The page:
How Food For All Dinner Club Nurtured Friendships and Healthful Good Vibes
By Cari Griffith
As an introvert, the thought of spending four nights a week in someone’s home with over 25 friends and neighbors seemed daunting and exhausting. I knew several people involved, including Katie Taylor, another Validity contributor, so I decided to take the plunge and give it a try.
After five years of wonderful meals, meaningful conversation and support, and a whole lot of laughs, it turned out to be one of the most
rewarding experiences of my life. Food For All, a dinner co-op in Jackson, Tennessee, was founded around the idea that food is best when shared, and true community is fostered when people are willing to make others a part of their daily routines.
Around 25 people, plus more than a few children, made a commitment to share dinner together at a different family’s house four nights a week. The schedule is on a six week rotation, which requires each group to cook for everyone three times every six weeks. The wheels of Food For All are kept turning by the organizational skills, dreams and gumption of Lisa Garner. Through her creativity, hard work and dedication to her neighbors, she helped lay the groundwork for the community and acts as an administrator of sorts to keep things functioning. The group has grown and changed with the inevitable ebb and flow of a college town, so there are always sad good-byes and new beginnings around every corner. But that doesn’t change the ethos of the mission to share meals together. With each new addition, the community shifts towards welcoming them in their own way.
It’s a beautiful model for fellowship, but also a very sustainable model for healthy living. The meals we shared together weren’t your standard southern casseroles with a heaping side of canned green beans. We all had a similar commitment to wholesome, filling and vibrant food, each preparing meals in our own way.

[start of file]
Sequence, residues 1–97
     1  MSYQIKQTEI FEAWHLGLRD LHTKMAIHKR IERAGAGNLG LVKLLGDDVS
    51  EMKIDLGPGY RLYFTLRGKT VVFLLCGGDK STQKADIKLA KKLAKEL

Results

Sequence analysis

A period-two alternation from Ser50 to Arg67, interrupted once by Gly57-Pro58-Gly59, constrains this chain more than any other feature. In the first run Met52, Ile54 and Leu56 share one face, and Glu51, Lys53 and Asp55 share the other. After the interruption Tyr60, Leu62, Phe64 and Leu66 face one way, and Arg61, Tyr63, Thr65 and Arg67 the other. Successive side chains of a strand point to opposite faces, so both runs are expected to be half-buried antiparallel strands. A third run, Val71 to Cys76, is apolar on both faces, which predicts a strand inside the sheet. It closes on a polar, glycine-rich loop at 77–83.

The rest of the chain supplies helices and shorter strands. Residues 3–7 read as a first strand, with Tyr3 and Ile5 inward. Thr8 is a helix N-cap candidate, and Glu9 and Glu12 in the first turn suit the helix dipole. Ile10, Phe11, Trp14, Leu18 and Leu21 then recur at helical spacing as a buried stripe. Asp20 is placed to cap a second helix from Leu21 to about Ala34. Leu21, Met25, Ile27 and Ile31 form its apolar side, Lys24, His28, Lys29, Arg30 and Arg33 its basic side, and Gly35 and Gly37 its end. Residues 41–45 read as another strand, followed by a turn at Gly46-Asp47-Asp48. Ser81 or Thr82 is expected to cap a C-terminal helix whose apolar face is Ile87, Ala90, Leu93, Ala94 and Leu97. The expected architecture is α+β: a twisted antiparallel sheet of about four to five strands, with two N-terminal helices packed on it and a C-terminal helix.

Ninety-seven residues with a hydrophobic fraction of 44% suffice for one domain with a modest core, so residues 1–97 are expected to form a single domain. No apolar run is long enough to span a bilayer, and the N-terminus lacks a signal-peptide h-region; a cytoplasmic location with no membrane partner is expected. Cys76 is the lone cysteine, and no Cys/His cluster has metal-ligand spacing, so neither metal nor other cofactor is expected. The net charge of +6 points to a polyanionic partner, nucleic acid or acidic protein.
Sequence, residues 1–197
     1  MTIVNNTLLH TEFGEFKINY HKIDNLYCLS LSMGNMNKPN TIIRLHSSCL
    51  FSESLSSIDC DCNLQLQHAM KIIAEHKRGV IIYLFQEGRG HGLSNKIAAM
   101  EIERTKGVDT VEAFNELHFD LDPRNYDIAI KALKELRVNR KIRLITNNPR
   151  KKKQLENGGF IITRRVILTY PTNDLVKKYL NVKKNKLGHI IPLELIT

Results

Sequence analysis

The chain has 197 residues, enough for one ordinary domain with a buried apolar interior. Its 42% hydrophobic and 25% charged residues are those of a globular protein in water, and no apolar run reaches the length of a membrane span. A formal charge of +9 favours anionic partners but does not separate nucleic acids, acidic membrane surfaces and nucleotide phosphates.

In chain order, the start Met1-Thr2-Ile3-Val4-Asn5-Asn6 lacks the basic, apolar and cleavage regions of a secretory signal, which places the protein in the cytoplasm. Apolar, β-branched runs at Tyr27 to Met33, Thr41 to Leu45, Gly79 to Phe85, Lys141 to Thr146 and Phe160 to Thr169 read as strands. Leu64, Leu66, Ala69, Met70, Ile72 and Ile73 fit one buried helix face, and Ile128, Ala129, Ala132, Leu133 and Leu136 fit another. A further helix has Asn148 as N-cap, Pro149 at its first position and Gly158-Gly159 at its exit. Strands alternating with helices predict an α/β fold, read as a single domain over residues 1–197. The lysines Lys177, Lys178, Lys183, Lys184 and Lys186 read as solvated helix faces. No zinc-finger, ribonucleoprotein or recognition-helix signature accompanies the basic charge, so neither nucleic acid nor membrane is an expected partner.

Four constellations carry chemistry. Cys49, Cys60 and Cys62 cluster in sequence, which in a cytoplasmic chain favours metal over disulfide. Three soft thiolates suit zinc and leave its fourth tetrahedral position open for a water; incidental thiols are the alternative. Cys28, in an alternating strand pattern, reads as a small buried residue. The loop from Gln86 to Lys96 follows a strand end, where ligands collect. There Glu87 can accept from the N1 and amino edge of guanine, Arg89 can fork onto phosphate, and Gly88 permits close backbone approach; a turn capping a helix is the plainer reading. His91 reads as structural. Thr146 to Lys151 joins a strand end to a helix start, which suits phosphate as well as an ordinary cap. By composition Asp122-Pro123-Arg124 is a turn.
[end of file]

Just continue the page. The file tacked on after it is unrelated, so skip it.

We had meals that rivaled the best restaurants in town, because, in my completely biased opinion, we had some of the best home cooks in the whole city. Beth can effortlessly whip up a pasta dish that will always comfort your soul. Anna’s Indian night is not a day you want to miss, and you definitely always made sure you were around for Keely and Aaron’s crepe night. The first Brussels sprout I ever tried was at Lisa’s house and my life was changed for the better. Each family had their own unique meals that became crowd favorites, and I can vividly imagine the delight we had in eating what our friends had prepared. Many of the healthy recipes my husband and I make every day came from meals we shared at Food For All.
Once my husband and I moved to Nashville, I realized how much having those four meals to rely on each week saved us both financially and nutritionally. Creating a full, healthy meal for only two people turned out to be more of a challenge than I anticipated. When you grow accustomed to cooking for 25, scaling down is harder than the initial challenge of cooking for a crowd. Being a part of Food For All for those five years has made hospitality the posture of our lives. Why cook for two when you can invite friends and neighbors and share the bounty?
It has taken away the sense of personal privacy that is increasingly prevalent in our society. With fences, security systems, privacy blinds and deadbolts being crucial to the protection of our homes, it often results in a sort of protective environment that can be hostile to community. The more we open our homes to others, the brighter and friendlier our world becomes. Yes, sometimes that does come at a cost, like that antique vase you loved that was just knocked off the shelf by a very excited five year old, but I have never once regretted opening my home to others. It helped me to channel my sometimes crippling social anxiety and use it to encourage, support and empathize with those at my table.
The dinner co-op model doesn’t have to start on such a large, weekly scale, it could be as simple as a once a month dinner club. A small group of Jackson folks who have found their home in Nashville have started a Food For All of their own that is only on Sunday evenings. Even now, as we join in this new community of folks, and share meals together, we see evidence that this model of community works. It creates a healthy environment, not only in terms of the food we eat, but also of how we love our friends and neighbors.
Christine Pohl in her book Making Room said that hospitality “requires an openness of heart, a willingness to make one’s life visible to others, and a generosity of time and resources,” which sums up the beauty of one of the many lessons Food For All taught us.